The original Skyward Sword was released on the Nintendo Wii way back in 2011; a full decade later, it was remastered for the Nintendo Switch in 2021.
Naturally, the HD remaster boasts improved resolution and textures, while also offering smooth 60 FPS gameplay. There are other changes besides these too.
Optional Motion Controls
Previously, Skyward Sword could only be played using motion controls–swinging the Wii remote to direct Link’s sword, waving it to fly the Loftwing or pointing it to aim projectiles etc.
However, Skyward Sword HD adds an optional button-only control scheme, where all the motion-controlled aspects can be replicated with buttons. For instance, you can use the right control stick to swing Link’s sword or push in the left control stick to use a shield.
The button-only controls are always enabled when playing in handheld mode or if playing on a Nintendo Switch Lite.
This is something you might take for granted, but the original Skyward Sword lacked the ability to freely control the camera. Instead, the camera would cleverly (as possible) follow Link and you could Z-target to re-focus the camera.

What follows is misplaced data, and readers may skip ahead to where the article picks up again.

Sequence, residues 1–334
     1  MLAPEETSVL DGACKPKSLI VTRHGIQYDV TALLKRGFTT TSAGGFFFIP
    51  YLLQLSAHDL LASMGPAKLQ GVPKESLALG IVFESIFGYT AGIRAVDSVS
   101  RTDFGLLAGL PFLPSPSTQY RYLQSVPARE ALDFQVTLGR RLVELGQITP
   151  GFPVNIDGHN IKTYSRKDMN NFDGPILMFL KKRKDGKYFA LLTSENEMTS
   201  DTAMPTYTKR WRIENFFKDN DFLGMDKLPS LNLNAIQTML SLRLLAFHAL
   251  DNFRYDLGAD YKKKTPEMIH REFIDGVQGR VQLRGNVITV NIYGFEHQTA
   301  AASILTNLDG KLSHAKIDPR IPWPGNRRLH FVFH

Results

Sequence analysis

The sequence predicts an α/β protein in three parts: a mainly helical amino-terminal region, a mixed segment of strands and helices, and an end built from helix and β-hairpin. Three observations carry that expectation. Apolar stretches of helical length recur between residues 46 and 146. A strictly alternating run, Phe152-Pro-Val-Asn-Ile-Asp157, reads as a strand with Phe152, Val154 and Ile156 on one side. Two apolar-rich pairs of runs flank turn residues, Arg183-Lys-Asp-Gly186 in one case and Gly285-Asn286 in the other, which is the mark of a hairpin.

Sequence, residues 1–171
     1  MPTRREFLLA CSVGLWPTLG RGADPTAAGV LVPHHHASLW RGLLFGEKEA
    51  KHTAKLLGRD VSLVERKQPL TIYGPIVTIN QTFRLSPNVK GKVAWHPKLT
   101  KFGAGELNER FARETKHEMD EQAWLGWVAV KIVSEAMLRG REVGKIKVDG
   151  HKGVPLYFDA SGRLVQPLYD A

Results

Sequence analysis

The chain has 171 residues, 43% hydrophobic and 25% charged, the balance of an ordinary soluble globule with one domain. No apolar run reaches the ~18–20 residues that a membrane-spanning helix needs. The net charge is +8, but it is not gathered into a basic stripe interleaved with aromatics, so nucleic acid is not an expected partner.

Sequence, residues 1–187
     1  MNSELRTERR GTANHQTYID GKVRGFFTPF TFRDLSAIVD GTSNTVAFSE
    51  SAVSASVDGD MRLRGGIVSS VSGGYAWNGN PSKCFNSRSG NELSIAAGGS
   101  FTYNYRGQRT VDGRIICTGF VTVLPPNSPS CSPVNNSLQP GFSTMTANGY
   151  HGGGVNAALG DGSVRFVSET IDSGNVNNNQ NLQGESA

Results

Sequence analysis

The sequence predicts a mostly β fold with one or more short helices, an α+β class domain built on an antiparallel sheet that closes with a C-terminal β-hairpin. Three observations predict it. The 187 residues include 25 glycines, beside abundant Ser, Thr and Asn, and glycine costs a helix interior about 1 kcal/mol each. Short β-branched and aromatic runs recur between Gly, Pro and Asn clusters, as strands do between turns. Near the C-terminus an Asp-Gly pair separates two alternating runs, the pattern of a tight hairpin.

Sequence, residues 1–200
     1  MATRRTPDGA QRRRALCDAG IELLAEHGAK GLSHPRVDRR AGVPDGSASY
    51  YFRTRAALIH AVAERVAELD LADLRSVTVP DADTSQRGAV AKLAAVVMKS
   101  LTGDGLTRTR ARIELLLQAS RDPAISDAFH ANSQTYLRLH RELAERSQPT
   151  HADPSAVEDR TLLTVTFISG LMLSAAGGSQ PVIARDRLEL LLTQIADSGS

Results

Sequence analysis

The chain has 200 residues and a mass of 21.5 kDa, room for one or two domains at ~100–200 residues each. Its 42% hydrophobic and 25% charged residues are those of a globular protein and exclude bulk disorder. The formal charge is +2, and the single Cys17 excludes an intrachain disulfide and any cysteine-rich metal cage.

In Skyward Sword HD, you can swivel the camera around to your heart’s content by moving the right control stick (when motion controls are enabled) or by holding the L button and moving the right control stick (when button controls are turned on).
A big complaint about the Wii version of Skyward Sword was the frequent interruptions from Fi, Link’s travel companion. Nintendo have acknowledged this issue by making many of Fi’s previously mandatory advice optional.
Similarly, portions of the early-game dialogue have been streamlined, so you’re not force fed basic information like a baby. You can also fast-forward dialogue and skip cutscenes (although we’d only encourage this during a second playthrough)!
Additionally, when you obtain a collectible, a message box will only appear during the very first instance and never again. Originally, each time you loaded a save file, another message would appear when you picked up the same collectible for the first time during that play session.
Fast Travel (with amiibo)
This feature has caused some controversy among fans, but gameplay-wise it’s not a big deal.
If you own the Zelda & Loftwing amiibo, you can scan it in-game (via Fi’s menu) to instantly travel from the ground to the skies (and back again). When you use the amiibo to return to the ground, you’ll be placed exactly where you last left off.
Although this sounds extremely useful, it doesn’t really save that much time because the game is full of bird statues, which take you back to the sky and act as beacons to return to. That said, it could be useful if you have an emergency in a dungeon.